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Cases & Commentaries
- Web M&M
Valentina Jelincic, RPh, and Julie Greenall, RPh, MHSc; February 2018
A hospitalized pediatric burn patient underwent dressing changes and burn inspection every third day. On those days she received oxycodone for pain, which allowed her to tolerate the painful procedures and to rest. After a dressing change one day, the mother noticed the child's breathing was shallow. That day the patient had received three doses of oxycodone, but because the automated dispensing machine had been stocked incorrectly with a higher concentration of oxycodone solution stored in the location normally reserved for the lower concention, she received nearly five times the dose ordered.
Journal Article > Study
Kowiatek JG, Weber RJ, Skledar SJ, Frank S, DeVita M. Jt Comm J Qual Patient Saf. 2006;32:309-317.
This medication safety study describes a process to prevent unsafe medication dispensing from automated systems. Investigators evaluated the types and frequencies of medications administered by override, used an expert panel to revise the medication override list, developed a tool for override monitoring, and specifically measured the change in override use of opioids (a high-alert medication class). The authors discuss their multifaceted approach, present examples of the changes that resulted, and offer steps for other organizations interested in similar implementation strategies.
MedWatch Safety Alert. Silver Spring, MD: US Food and Drug Administration; September 13, 2007.
This announcement provides specific instructions on safe prescribing of a cancer pain medication in response to several patient deaths associated with off-label use.
Journal Article > Commentary
Cohen MR. Hosp Pharm. 2008;43:696–698.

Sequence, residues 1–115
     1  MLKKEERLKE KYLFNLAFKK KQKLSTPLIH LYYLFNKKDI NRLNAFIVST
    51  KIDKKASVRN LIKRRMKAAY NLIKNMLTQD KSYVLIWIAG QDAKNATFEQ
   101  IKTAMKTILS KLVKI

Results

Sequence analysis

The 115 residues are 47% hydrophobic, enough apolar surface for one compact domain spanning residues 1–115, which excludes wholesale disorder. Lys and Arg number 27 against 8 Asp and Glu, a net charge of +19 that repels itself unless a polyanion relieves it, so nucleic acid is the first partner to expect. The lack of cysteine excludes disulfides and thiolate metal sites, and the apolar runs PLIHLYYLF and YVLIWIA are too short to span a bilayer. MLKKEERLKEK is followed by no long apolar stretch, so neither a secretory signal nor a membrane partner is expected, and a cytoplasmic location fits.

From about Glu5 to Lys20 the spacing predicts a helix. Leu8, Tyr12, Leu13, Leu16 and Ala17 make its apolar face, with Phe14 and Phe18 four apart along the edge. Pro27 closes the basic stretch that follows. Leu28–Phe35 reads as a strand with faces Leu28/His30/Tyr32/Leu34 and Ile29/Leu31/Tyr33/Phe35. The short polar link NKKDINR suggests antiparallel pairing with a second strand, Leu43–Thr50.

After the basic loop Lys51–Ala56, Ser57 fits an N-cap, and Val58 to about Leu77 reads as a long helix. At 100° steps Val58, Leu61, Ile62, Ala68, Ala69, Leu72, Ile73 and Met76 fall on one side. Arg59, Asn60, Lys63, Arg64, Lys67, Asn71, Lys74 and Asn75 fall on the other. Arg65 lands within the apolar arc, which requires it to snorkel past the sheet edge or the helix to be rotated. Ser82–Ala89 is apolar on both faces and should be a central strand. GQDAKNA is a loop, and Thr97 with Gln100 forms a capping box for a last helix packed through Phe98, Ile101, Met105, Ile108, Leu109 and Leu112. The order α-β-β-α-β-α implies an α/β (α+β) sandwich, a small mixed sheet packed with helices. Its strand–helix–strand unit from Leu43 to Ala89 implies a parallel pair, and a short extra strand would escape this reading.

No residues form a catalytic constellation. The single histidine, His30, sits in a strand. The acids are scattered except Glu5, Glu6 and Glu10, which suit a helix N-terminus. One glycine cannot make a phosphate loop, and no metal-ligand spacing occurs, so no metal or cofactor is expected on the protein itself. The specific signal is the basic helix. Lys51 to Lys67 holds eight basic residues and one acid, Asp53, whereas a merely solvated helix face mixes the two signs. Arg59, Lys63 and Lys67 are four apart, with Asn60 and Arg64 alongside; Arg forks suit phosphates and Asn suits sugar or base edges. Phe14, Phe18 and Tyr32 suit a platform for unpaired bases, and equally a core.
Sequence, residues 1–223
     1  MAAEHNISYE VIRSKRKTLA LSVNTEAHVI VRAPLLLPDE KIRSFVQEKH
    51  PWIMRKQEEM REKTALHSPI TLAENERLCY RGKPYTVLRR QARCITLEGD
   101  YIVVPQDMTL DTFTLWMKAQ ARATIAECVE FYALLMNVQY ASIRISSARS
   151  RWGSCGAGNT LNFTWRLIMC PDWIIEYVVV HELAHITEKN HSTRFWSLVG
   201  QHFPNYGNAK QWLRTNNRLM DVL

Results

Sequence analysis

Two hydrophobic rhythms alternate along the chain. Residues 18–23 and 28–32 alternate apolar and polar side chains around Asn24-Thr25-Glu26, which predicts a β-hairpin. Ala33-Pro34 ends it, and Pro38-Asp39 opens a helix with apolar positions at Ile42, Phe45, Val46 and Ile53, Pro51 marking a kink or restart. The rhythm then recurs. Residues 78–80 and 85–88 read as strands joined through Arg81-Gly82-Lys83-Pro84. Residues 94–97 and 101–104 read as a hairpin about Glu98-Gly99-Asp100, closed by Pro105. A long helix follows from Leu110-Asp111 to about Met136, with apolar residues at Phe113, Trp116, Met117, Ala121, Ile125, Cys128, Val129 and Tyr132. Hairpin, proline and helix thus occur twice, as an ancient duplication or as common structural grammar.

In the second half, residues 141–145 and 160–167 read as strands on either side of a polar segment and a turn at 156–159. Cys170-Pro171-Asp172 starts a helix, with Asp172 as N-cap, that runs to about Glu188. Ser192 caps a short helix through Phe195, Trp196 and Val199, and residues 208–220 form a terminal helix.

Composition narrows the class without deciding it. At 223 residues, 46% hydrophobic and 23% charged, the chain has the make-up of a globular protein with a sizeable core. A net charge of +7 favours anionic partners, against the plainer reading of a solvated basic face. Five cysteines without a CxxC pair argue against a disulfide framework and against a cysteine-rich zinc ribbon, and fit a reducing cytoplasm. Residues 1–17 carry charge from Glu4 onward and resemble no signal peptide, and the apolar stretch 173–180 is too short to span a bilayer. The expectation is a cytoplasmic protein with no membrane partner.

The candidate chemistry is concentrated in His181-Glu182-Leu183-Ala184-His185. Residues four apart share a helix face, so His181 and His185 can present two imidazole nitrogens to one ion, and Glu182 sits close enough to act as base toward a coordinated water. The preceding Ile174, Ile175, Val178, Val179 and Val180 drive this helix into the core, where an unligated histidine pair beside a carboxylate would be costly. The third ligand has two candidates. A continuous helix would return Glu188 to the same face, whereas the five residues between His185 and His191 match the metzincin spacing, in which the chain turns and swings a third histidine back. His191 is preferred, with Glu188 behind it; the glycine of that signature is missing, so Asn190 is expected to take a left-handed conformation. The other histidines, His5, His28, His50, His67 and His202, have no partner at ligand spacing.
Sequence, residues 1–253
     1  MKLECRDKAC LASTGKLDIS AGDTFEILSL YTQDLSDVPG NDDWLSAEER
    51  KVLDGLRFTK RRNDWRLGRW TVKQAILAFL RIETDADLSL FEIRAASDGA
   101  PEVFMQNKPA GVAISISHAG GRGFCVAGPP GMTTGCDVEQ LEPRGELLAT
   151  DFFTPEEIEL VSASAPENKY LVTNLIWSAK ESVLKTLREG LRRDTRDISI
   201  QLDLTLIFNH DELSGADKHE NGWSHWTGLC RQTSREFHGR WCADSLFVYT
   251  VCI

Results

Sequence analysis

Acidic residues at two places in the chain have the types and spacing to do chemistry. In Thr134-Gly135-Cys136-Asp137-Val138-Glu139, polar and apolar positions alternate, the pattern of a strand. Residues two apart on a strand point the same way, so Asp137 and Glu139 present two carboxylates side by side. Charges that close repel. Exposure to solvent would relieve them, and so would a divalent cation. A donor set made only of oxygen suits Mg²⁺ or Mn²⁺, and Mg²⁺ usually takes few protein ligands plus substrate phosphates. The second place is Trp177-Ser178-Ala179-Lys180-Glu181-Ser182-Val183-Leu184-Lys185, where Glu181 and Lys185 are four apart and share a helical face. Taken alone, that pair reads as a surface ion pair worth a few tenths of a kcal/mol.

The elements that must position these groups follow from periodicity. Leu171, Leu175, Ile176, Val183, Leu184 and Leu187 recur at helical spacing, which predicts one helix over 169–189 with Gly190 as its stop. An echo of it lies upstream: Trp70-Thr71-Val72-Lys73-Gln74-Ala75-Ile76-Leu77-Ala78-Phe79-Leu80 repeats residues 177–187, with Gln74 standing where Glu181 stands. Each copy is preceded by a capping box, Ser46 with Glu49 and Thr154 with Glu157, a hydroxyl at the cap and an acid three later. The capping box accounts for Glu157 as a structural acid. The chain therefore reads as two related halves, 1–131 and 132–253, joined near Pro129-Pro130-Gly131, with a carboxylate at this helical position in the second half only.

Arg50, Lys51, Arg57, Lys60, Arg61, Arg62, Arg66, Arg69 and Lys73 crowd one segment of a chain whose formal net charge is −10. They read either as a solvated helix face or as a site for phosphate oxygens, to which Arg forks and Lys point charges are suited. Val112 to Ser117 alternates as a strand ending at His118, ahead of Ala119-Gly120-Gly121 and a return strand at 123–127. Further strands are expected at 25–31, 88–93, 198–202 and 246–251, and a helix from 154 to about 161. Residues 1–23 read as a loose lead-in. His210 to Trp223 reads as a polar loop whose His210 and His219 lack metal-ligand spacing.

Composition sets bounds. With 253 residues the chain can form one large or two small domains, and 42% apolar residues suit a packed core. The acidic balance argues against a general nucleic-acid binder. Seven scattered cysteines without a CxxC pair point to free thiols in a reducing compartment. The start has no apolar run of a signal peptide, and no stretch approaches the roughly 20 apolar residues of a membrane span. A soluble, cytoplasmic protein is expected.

This monthly selection of medication error reports describes a case of misidentifying home medications for a hospitalized patient, how character space limitations in medication administration records may cause medication errors, and fatal misuse of a fentanyl patch on a child.
Morphine sulfate oral solution 100 mg per 5 mL (20 mg/mL): medication use error—reports of accidental overdose.
MedWatch Safety Alert. Silver Spring, MD: US Food and Drug Administration; January 10, 2011.
This announcement reveals a labeling change to reduce the potential for misadministration of a pain medication.
Journal Article > Study
Tham E, Calmes HM, Poppy A, et al. Pediatrics. 2011;128:e438-e445.
Pediatric inpatients are at high risk for adverse drug events (ADEs). Pediatric-specific trigger tools and computerized surveillance systems are effective methods to detect ADEs and identify opportunities for prevention. This performance-improvement collaborative implemented a multifaceted change strategy in 13 institutions and produced a 42% reduction in ADEs. The change strategies included efforts to reduce interruptions during medication administration, adopt consensus-based protocols and order sets, ensure high reliability with the Five Rights, and foster a culture of safety. The interventions had the greatest impact on opioid-related ADEs, which decreased by 51% across participating hospitals. The authors recommend using quality improvement collaboratives to drive improved patient care.